Measuring the Performance of Your Storage System

IOPS vs Throughput vs Latency

There are 3 metrics that play into the performance of your storage system: IOPS (input output per second) Throughput, and latency. How these 3 factors work together synergistically will determine how well your system performs. In this post, we will define all 3 individually, and then look and look at how they work together to create performance or non-performance.


What are IOPS?

IOPS is the standard unit of measurement for the maximum number of reads and writes a drive can carry out every second. Generally speaking, the higher the IOPs number, the better the drive performs, but there’s more to it than that. IOPS results can be influenced by factors such as the size of the data blocks and the queue depth (i.e. how many data requests are waiting to be processed).

the chart below (source: wiki) shows how different block size affects the actual performance of the drive.


(Type / RPM) (4KB block, random) (64KB block, random) (512KB block, random)
SAS / 15K 188 – 203 175 – 192 115 – 135
FC / 15K 163 – 178 151 – 169 97 – 123
FC / 10K 142 – 151 130 – 143 80 – 104
SAS / 10K 142 – 151 130 – 143 80 – 104
SATA / 7200 73 – 79 69 – 76 47 – 63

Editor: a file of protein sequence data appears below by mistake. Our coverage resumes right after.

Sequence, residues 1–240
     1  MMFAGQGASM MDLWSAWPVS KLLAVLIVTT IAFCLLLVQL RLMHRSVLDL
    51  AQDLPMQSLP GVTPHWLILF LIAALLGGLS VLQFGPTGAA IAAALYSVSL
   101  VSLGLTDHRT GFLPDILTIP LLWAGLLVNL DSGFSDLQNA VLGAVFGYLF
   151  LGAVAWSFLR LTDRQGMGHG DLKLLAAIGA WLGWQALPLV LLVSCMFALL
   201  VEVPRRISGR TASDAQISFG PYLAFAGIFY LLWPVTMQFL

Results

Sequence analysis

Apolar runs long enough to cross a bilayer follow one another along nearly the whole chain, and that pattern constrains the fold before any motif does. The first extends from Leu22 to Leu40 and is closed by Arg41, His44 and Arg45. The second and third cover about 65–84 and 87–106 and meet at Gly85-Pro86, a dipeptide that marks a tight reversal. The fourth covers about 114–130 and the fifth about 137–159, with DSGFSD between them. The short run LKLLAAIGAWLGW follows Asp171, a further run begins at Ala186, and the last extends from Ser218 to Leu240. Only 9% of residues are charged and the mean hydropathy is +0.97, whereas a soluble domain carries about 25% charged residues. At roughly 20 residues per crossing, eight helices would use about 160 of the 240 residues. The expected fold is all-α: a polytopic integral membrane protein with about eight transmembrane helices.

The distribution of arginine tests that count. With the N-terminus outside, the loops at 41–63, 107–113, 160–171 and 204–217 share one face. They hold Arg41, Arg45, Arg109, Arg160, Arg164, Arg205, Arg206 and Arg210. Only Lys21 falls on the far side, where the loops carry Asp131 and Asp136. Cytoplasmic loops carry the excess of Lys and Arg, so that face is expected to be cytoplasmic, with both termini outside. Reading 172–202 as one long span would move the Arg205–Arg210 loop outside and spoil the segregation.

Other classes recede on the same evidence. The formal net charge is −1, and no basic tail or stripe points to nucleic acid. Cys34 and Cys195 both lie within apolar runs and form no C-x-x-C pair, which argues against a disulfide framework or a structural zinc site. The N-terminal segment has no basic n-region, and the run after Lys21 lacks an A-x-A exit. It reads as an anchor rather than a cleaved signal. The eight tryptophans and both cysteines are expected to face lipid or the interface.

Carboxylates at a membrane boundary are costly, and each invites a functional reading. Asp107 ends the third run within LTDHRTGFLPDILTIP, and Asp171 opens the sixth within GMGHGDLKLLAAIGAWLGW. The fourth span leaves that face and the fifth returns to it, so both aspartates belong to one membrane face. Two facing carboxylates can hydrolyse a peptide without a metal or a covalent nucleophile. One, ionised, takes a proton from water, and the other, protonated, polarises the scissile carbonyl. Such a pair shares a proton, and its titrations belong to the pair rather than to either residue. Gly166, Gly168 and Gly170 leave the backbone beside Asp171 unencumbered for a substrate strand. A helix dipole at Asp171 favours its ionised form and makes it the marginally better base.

When you are reading manufacturer sales literature and they are boasting about IOPS of their systems, it is similar to car manufacturers boasting about horsepower in their cars. Of course, it plays some role, but it doesn’t determine the performance or efficacy of the storage system as a whole.

What is Throughput?

Throughput goes hand-in-hand with bandwidth. Throughput is the volume of data that was transferred from a source at any given time. Bandwidth is a measure of how much data could theoretically be transferred from a source at any given time.

Think of throughput as the cars and bandwidth as the freeway. Throughput can easily be bottlenecked by bandwidth. This deal primarily with the networking side of the storage system, and how quickly the storage system can transmit the data to the endpoints in a local area network, or a wide area network.

What is Latency?

Latency s how fast the data packets inside the pipe travel from client to server and back. Relating it back to the previous example, latency is how fast the cars are travelling on the freeway.

Latency is a synonym for delay, and often measured in milliseconds. The lower the latency, the better the performance. Like throughput, Latency is more network related that drive or system related. There are several factors that can contribute to high latency, the primary being distance travelled in a local network.

To check your latency, you can open the command prompt (CMD) on windows, and type: tracert followed by the website you’d like to test. It would look like this: tracert .

Your results will be shows in milliseconds, and will be easy to tell if you have a latency-based issue or not.


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